By splicing animals together, scientists have shown that young blood rejuvenates old tissues. Now, they are testing whether it works for humans.

Two mice perch side by side, nibbling a food pellet. As one turns to the left, it becomes clear that food is not all that they share — their front and back legs have been cinched together, and a neat row of sutures runs the length of their bodies, connecting their skin. Under the skin, however, the animals are joined in another, more profound way: they are pumping each other's blood.

[View as single article...] [Follow article link...]
January 22 2015

Growing Human Kidneys in Rats Sparks Ethical Debate


Researchers say they have developed a new technique that will get more kidneys to people who need transplants, but the method is sure to be controversial: The research shows that it is feasible to remove a kidney from an aborted human fetus, and implant the organ into a rat, where the kidney can grow to a larger size.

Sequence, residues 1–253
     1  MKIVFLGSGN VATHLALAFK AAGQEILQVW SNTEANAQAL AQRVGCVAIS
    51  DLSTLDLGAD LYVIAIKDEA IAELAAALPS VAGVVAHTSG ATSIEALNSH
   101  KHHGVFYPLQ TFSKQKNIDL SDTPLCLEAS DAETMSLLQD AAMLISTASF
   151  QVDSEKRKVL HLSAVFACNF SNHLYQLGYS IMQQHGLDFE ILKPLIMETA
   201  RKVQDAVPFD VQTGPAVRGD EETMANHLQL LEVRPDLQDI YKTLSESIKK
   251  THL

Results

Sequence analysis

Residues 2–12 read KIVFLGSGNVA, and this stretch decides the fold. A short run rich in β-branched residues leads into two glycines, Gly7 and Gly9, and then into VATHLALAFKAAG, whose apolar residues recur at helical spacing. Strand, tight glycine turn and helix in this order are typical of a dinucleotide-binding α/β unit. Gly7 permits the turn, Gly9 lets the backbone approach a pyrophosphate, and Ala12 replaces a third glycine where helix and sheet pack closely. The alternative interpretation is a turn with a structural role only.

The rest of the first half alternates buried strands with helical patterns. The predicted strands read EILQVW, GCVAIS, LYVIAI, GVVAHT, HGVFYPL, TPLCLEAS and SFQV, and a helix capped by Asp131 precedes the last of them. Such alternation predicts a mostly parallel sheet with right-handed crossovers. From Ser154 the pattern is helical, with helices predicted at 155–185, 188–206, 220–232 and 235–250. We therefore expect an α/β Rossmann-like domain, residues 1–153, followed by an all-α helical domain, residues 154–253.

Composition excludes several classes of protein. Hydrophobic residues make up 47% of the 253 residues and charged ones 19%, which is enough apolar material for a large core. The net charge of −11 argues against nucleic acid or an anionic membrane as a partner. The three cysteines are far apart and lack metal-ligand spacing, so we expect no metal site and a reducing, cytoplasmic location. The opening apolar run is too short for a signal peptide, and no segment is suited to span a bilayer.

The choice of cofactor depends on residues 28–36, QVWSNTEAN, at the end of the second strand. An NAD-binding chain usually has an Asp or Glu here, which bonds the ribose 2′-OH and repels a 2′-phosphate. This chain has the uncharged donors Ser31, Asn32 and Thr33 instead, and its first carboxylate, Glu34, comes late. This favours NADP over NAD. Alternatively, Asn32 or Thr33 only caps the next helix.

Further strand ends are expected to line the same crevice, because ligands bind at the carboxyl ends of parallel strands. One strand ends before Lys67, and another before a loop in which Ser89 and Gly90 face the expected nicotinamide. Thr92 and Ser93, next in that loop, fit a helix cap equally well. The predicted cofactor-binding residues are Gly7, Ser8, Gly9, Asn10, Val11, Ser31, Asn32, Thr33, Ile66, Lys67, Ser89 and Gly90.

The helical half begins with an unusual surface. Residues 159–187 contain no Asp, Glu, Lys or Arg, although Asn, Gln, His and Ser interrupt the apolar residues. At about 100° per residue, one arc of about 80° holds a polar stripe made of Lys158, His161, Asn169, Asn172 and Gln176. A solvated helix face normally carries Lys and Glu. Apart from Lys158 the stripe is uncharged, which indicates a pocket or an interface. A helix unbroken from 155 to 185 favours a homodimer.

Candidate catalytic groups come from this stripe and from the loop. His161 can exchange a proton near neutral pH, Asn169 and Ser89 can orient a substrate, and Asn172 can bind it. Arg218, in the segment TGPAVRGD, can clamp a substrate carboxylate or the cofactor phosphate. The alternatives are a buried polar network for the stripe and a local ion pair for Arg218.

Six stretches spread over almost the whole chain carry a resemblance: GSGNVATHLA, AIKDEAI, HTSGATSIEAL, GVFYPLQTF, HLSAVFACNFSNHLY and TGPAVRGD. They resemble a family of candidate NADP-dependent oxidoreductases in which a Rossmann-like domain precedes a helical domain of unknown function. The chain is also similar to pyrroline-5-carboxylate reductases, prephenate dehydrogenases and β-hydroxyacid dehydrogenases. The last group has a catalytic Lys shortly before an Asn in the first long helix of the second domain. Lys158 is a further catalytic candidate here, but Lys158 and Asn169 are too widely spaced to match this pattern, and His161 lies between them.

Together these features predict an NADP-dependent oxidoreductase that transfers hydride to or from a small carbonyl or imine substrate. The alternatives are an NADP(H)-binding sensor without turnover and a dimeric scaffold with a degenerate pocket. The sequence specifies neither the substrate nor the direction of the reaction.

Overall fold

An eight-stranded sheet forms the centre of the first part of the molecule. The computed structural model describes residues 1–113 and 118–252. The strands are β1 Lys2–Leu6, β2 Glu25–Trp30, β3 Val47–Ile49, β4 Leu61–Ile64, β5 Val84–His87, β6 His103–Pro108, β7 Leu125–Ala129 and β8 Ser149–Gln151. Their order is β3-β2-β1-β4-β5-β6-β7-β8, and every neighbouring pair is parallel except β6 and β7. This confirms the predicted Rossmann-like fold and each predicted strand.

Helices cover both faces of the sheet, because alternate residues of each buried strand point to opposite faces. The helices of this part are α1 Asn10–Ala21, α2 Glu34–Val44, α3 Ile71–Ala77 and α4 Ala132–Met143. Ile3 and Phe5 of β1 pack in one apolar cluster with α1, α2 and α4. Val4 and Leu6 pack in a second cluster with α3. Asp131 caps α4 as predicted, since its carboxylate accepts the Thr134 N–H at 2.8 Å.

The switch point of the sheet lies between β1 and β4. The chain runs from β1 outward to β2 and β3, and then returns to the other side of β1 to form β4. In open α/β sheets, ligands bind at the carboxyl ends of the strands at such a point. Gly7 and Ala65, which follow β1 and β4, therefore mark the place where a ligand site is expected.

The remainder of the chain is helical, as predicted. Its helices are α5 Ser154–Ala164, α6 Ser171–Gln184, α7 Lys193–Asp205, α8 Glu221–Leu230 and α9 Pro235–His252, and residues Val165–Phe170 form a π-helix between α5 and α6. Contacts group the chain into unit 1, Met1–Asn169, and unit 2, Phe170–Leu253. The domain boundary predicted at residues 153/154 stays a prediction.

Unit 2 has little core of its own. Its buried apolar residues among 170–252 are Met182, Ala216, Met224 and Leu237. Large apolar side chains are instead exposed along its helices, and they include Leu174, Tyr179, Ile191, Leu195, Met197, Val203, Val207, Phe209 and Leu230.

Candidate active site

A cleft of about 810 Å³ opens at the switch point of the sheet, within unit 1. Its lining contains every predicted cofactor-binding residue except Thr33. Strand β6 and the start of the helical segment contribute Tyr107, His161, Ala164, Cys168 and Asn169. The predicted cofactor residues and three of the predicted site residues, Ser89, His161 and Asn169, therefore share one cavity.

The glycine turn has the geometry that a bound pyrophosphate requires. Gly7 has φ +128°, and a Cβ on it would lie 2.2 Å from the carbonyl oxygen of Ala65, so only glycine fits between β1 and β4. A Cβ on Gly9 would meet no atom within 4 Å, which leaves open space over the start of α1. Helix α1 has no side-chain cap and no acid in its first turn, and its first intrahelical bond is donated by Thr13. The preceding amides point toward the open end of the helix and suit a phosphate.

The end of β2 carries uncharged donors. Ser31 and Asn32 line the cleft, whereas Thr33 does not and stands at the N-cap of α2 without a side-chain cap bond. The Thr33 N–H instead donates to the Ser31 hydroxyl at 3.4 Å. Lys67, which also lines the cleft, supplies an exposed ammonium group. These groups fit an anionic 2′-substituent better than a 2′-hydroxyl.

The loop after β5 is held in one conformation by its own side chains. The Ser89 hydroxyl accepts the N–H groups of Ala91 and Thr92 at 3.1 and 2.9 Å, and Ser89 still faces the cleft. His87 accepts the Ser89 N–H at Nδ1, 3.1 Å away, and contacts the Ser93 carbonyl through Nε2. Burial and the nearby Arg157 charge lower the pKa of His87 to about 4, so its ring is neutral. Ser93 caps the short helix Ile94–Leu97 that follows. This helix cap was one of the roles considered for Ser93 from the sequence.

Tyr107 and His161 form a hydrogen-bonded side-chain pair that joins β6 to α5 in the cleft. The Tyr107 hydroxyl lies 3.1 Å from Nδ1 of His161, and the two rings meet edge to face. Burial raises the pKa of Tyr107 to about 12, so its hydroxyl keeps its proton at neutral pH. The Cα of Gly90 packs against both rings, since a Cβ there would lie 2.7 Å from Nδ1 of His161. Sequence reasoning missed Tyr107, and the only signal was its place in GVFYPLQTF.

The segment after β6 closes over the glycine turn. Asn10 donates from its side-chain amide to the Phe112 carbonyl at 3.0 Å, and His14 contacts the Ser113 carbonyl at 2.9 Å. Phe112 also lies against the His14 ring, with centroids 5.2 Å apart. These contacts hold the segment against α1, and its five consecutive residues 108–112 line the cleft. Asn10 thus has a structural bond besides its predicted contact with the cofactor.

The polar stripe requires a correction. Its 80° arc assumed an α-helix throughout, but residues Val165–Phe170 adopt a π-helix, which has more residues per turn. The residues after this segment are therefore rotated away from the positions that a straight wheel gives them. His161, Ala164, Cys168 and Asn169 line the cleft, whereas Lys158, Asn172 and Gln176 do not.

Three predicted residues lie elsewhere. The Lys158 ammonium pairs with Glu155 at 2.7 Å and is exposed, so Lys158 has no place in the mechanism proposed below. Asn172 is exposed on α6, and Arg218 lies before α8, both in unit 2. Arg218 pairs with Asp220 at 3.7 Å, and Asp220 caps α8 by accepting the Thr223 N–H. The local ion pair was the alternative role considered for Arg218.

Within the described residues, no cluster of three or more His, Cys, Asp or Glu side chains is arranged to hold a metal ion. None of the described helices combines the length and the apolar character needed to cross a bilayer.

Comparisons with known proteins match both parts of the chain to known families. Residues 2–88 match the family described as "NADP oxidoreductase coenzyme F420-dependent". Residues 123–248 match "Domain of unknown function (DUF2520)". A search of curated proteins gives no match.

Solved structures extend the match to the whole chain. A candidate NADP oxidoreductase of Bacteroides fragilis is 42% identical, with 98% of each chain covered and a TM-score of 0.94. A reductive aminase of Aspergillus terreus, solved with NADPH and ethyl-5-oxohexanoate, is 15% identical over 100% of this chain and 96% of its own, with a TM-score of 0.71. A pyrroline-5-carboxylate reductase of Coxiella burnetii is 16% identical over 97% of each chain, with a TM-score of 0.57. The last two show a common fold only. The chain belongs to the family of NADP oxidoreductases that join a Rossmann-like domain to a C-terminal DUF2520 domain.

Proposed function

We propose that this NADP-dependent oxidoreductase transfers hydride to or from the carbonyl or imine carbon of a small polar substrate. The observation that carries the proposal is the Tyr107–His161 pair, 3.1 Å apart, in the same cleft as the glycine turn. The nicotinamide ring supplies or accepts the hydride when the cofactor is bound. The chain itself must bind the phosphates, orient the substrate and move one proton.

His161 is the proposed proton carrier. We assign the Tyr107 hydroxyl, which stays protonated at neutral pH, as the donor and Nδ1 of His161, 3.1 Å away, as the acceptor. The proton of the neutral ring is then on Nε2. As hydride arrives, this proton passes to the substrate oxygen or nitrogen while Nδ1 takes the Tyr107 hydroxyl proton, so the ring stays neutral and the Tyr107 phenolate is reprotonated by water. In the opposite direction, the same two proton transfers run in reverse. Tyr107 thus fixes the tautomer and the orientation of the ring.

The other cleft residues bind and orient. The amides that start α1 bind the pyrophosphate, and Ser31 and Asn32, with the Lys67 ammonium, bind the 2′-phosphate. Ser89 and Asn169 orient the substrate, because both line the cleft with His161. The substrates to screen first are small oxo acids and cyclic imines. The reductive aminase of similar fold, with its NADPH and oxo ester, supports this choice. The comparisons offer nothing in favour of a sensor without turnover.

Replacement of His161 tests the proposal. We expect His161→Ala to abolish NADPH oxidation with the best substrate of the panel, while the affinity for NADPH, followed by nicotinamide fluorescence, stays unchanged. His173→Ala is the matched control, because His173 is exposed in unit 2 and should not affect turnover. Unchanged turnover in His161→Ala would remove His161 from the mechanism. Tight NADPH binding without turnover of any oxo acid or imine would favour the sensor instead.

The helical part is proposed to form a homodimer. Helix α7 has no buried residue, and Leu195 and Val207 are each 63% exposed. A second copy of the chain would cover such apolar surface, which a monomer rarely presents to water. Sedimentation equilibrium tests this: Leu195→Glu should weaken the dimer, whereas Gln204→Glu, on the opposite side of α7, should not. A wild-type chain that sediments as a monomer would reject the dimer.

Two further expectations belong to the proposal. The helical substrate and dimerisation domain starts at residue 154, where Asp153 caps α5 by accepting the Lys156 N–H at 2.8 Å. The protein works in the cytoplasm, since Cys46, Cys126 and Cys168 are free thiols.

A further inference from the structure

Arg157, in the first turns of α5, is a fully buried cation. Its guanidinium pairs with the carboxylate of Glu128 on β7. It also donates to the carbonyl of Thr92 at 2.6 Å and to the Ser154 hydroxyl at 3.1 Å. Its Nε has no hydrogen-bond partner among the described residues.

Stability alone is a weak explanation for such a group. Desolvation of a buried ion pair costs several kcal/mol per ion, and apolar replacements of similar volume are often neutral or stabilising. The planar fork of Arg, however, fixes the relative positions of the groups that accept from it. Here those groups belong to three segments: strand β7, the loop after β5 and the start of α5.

It's possible that further work could find a way to grow kidneys large enough that they could be transplanted into a person, the researchers said, although much more research is needed to determine whether this could be done.

[View as single article...] [Follow article link...]
January 22 2015

First round-the-world solar flight to take off next month


ABU DHABI (Reuters) - A plane powered by the sun will attempt an unprecedented flight around the world next month, the project's founders said, seeking to prove that flying is possible without using fossil fuel.

Solar Impulse 2 is set to take off from Abu Dhabi with stopovers in India, Myanmar and China before crossing the Pacific Ocean and flying across the United States and southern Europe to arrive back in Abu Dhabi.

[View as single article...] [Follow article link...]
January 22 2015

Artificial intelligence helps Stanford physicists predict dangerous solar flares